# Force exerted by Ferro-magnetic Electromagnet

1. Aug 4, 2012

### Nythe

I read somewhere that the general formula for finding the force exerted by a solenoid electromagnet could be found by:

Force = ((N x I)^2 x k x A) / (2 x s^2)

where N is number of turns of a coil,
I is the current passing through the coil,
A is cross-sectional area of the solenoid,
s is distance between solenoid and external object,
k is permeability constant (4 x PI x 10^-7)

Which part of this formula takes into account the inherent magnetic strength of the solenoid? I mean, wouldn't there be a difference in the force exerted if the solenoid was ferromagnetic instead of non-ferromagnetic? Because I also read that a ferromagnetic core like soft iron would amplify the magnetic strength of the electromagnet several hundreds even thousands of times.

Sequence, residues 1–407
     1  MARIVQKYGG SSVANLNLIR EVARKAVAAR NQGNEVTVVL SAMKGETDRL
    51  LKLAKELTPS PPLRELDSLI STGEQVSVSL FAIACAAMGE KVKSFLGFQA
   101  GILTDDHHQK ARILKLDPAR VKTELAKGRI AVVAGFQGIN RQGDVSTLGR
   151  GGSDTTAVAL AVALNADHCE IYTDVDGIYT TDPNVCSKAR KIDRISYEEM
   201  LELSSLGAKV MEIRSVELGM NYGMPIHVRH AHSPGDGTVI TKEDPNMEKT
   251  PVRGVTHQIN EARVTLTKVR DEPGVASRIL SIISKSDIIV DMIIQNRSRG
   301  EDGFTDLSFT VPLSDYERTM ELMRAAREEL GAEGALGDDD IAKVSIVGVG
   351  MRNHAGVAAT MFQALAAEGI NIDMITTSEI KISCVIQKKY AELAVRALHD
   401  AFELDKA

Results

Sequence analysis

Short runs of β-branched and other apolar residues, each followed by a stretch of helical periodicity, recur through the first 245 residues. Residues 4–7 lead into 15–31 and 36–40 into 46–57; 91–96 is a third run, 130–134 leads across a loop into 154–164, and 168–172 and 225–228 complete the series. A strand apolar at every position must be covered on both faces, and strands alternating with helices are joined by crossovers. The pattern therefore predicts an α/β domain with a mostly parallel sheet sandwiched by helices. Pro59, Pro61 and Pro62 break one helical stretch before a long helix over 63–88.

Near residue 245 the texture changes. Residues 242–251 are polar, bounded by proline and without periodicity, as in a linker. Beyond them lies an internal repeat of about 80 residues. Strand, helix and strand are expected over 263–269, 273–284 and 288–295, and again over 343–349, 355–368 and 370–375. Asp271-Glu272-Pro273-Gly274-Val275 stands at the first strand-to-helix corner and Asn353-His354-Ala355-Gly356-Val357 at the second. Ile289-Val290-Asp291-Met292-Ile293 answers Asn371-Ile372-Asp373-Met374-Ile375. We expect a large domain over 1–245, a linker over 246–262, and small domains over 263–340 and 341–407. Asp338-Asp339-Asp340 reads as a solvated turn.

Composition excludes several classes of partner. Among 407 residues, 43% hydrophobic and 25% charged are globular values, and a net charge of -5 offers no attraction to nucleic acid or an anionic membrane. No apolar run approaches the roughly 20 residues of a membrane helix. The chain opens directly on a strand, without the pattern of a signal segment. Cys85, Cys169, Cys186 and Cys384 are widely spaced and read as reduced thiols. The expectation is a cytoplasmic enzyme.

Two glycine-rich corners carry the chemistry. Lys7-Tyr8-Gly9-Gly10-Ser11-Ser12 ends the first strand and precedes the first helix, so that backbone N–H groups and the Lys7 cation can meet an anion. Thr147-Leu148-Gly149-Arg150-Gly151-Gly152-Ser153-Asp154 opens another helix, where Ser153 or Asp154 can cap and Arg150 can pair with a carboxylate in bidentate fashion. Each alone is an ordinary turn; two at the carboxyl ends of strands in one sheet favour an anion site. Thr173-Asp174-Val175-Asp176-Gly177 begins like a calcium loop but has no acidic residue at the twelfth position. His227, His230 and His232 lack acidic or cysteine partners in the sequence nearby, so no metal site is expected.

So how could I find the force that an iron core electromagnetic would exert using this formula? Thanks for any help..

2. Aug 4, 2012

### gabbagabbahey

The force exerted on what?

The magnetic field of a solenoid electromagnetic, along its axis, outside the solenoid, is proportional to to NI/s and can be found from the Biot-Savart Law.